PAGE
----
The artwork of Netherlands based artist Joram Roukes is a literal 'car crash' of assorted western phenomena: Roukes perhaps creates his characters with such heavily layered imagery to hint at an identity swallowed underneath the chaotic iconography of consumerism. In fact, it seems that the only thing knitting the images together is Roukes' intriguing motif of destructive and violent collision, often depicted in his drawings by upended or at least severely damaged vehicles.
Roukes is clearly obsessed by anthropomorphism, too: his pieces frequently depict grotesque human bodies with the heads of intensely vulnerable animals, producing images which pivot between terror and hilarity. What also makes these pieces so effective is that they don't preach; Roukes doesn't necessarily go out of his way to expose the flaws of his society, but instead he observes, allowing us to determine our own position amid the insanity.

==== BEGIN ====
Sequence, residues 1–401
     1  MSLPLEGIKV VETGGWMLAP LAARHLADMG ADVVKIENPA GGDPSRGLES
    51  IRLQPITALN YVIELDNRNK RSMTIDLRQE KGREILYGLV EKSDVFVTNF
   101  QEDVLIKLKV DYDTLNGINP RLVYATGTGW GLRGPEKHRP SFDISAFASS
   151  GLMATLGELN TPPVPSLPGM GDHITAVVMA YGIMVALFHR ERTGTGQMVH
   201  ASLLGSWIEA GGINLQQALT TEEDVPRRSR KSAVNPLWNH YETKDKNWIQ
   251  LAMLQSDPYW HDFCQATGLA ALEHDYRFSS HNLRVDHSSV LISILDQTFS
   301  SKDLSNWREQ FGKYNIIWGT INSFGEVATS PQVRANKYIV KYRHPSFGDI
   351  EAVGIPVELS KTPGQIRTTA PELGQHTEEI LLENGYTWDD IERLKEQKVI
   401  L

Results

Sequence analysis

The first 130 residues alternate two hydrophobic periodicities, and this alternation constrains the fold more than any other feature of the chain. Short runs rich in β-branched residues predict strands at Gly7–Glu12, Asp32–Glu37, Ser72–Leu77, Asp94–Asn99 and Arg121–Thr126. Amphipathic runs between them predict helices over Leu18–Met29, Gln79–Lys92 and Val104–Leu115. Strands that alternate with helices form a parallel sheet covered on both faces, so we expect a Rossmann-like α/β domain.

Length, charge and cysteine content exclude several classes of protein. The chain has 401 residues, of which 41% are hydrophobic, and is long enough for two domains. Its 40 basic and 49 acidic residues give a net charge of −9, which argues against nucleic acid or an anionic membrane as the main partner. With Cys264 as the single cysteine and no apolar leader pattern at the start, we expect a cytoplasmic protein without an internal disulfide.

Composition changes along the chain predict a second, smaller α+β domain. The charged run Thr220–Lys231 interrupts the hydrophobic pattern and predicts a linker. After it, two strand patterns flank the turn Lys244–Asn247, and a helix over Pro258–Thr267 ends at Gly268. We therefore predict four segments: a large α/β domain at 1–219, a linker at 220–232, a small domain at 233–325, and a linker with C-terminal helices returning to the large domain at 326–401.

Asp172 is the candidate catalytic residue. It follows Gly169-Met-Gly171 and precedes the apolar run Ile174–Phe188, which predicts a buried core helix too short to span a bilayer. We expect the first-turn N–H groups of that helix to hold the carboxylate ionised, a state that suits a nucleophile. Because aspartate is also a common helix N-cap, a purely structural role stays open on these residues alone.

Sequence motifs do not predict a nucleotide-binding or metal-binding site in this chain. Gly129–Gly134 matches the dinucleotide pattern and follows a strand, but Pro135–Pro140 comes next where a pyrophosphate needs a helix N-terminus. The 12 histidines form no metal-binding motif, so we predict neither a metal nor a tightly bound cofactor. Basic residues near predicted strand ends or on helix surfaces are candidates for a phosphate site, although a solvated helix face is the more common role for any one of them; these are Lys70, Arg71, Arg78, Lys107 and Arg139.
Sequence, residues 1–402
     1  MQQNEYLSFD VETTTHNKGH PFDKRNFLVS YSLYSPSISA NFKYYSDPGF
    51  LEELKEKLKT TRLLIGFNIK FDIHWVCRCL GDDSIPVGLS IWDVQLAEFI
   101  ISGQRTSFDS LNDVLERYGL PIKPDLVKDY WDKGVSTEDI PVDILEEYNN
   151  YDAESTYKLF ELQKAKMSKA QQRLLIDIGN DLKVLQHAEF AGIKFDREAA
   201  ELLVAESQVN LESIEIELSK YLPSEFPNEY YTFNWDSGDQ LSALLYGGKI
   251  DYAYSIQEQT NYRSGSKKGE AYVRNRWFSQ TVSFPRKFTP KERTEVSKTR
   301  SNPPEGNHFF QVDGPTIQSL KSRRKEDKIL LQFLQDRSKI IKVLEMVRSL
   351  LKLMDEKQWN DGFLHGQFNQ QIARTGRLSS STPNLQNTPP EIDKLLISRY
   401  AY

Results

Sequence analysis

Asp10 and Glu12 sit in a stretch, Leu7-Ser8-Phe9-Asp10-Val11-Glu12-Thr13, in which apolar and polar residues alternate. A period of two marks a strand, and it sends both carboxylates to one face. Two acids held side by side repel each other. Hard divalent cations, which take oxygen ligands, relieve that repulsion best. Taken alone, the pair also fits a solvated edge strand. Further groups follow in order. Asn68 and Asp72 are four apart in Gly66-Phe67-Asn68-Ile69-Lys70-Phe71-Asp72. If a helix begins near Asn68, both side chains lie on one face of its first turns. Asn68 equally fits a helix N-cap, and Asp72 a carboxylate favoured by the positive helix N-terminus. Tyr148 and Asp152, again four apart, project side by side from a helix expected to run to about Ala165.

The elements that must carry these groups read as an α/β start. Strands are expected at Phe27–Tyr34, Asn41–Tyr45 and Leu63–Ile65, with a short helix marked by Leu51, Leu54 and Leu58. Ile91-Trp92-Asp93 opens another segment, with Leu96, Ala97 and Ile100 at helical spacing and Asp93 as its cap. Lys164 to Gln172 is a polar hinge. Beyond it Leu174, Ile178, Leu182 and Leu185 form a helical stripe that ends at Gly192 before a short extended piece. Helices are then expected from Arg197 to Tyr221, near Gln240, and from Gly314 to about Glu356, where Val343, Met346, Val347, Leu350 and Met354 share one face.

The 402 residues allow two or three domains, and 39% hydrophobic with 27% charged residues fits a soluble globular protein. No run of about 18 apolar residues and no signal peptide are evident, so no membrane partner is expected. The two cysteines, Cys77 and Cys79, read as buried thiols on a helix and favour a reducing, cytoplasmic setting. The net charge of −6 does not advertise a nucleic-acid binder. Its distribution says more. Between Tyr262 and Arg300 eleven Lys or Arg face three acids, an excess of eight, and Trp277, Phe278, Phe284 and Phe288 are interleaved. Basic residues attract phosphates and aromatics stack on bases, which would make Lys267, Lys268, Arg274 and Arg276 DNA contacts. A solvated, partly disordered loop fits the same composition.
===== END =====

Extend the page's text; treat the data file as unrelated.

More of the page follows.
In fact, Roukes' balance between the dark and the humorous is so pitch perfect that you just don't know whether to laugh or cry. That awkward tension is where the true success of his work lies.
It's no surprise Roukes is becoming hugely popular over here in the UK, especially with his recent solo show, Oils, at urban art gallery Signal in East London. He's got that sardonic but playful and seductive air of Antony Micallef about him, whilst still producing his own unique and robust aesthetic identity.
He's also a really cool guy to chat with, which is a bonus. He offered me some enlightening pearls of wisdom recently about the virtual impossibility of getting galleries to notice you...Thanks mate!
In the meantime, I have no doubt we will see big movements from this guy in the future, I can quite easily see him up in the ranks with the likes of Micallef and Dan Baldwin.
Check him out: http://joramroukes.blogspot.co.uk/